Seven deaths were recorded, four related to therapy, which Dr. Orlowski considered a high rate compared with the mortality rates in Phase III lenalidomide-dexamethasone trials.

“This speaks to the fact that lenalidomide and high-dose dexamethasone is quite a toxic combination,” he said.

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Histone Deacetylase Inhibitor

Another Phase I study took a similar route, but used the oral histone deacetylase inhibitor vorinostat in combination with lenalidomide and low-dose dexamethasone in patients with relapsed or relapsed/refractory multiple myeloma.

Preliminary results suggest that vorinostat-lenalidomide-dexamethasone may be a convenient, effective, and generally well-tolerated oral regimen in these patients.

Principal investigator was Paul G. Richardson, MD, Clinical Director of the Jerome Lipper Multiple Myeloma Center at Dana-Farber Cancer Institute. This ongoing multicenter trial enrolled patients into one of five escalating doses of the combination regimen. Most patients had received prior bortezomib (65%), thalidomide (68%), or lenalidomide (45%).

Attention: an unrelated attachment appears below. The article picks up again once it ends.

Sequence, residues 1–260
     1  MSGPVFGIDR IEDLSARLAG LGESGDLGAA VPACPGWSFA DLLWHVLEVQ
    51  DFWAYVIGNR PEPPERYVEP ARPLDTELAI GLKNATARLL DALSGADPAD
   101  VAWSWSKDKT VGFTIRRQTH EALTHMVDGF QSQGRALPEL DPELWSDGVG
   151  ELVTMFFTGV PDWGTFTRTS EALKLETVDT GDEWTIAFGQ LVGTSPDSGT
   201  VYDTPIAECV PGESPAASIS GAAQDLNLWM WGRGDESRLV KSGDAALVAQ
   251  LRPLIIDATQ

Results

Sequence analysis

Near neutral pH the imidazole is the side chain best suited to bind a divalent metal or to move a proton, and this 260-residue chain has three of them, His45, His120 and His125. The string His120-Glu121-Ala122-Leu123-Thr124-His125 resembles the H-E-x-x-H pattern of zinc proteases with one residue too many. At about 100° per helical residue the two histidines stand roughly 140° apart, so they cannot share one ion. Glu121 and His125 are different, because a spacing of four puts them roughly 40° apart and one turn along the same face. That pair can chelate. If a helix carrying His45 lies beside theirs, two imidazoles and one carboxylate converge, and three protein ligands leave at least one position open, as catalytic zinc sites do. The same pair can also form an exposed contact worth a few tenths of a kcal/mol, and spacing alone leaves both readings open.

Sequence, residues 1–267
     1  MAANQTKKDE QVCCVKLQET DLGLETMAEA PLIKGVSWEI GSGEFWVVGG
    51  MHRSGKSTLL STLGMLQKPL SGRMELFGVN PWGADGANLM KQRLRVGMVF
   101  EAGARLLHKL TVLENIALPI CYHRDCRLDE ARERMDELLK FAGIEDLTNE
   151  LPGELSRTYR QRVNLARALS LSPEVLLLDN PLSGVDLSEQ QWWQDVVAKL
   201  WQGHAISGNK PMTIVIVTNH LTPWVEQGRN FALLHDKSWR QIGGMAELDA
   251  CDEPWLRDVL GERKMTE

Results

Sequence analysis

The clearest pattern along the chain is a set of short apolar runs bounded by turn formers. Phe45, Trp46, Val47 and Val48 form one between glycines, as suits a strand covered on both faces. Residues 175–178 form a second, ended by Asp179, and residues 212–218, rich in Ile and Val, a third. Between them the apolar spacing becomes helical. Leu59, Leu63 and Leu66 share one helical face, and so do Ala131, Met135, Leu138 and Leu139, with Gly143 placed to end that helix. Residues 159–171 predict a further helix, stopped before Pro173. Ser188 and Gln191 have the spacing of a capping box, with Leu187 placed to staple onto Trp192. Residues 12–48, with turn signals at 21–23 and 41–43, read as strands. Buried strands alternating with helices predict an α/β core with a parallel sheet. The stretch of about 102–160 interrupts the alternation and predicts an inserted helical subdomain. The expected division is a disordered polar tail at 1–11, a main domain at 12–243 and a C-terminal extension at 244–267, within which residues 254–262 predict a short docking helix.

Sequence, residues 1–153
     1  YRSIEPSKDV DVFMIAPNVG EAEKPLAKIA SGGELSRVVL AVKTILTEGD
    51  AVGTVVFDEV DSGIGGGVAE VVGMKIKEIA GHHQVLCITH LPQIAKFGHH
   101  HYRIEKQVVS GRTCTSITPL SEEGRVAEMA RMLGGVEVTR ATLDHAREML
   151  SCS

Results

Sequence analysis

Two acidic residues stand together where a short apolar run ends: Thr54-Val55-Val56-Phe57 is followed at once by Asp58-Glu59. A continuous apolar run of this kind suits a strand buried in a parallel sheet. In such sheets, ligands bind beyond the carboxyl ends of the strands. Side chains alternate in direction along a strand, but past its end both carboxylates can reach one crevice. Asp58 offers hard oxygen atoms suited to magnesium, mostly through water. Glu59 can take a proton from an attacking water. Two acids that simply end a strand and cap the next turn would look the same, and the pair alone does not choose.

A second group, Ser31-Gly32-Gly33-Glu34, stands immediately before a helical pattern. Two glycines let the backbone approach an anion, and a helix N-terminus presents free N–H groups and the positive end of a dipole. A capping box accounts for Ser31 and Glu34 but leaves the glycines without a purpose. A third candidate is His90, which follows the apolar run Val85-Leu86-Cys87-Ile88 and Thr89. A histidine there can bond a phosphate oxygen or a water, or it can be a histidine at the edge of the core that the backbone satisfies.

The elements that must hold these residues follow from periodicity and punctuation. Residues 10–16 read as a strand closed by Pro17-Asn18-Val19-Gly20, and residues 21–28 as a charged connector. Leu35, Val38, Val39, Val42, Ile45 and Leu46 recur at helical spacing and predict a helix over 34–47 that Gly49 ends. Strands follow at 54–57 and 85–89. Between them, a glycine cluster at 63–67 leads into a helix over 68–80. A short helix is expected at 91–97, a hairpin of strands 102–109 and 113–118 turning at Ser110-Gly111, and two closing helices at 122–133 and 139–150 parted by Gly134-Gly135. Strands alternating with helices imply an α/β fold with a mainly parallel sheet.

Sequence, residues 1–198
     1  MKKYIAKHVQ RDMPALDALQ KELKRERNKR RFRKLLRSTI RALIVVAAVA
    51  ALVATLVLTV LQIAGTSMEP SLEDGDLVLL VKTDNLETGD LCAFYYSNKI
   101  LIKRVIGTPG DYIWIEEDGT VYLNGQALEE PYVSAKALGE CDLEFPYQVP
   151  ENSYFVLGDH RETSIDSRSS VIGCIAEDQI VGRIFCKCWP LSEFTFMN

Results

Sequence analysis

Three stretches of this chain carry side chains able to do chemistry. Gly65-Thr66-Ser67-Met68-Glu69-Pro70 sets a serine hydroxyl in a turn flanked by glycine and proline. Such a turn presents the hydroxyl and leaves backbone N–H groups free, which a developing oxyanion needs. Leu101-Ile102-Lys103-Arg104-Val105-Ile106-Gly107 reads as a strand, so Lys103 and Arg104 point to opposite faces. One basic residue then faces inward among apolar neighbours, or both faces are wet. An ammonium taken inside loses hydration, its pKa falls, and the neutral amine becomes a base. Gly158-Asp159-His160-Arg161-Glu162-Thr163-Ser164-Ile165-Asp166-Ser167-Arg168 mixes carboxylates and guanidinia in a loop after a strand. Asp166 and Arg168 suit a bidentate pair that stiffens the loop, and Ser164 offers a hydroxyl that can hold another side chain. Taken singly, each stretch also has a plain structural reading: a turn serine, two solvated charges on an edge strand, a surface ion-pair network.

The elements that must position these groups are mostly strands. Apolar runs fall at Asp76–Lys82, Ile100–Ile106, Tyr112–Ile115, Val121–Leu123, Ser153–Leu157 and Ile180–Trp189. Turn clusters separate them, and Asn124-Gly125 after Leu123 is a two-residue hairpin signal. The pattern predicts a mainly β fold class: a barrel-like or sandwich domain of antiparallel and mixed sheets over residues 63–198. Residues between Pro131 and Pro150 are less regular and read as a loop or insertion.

Patients had received a median of four prior lines of therapy.

Of 30 patient evaluable for efficacy, 87% (26) experienced stable disease or better at varying doses, including two complete responses, two very good partial and 10 partial responses, five minimal responses, and seven with stable disease. Four of the 20 patients had progressive disease.

“The intent-to-treat response rate of 52% is encouraging,” Dr. Orlowski said.

The response rate for minimal response or better was 63%.

Of 13 evaluable patients who received prior lenalidomide, stable or greater response was seen in nine patients (69%), with one very good partial, three partials, one minimal response, and four with stable disease, for a minimal-or-better response rate of 39%.

The only dose-limiting toxicity was Grade 3 diarrhea at the highest dose level. Other Grade 3/4 toxicities were a drop in absolute neutrophil count in 26%, drop in platelets in 17%, diarrhea in 13%, and fatigue and anemia in 10% each.

No treatment-related deaths were reported, and no maximally tolerated dose had been reached.

“Additional study data showed that 69% of lenalidomide-exposed patients had a clinical benefit, and in lenalidomide-refractory patients there was a hint that the addition of vorinostat may overcome lenalidomide resistance,” Dr. Orlowski said.

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PAD in 1q21 Amplification

Current therapy for younger newly diagnosed multiple myeloma patients involves induction chemotherapy followed by high-dose therapy and autologous stem cell transplantation, but patients usually relapse within one to three years.

To address this, Australian researchers led by Douglas Joshua, MD, Professor of Hematology at the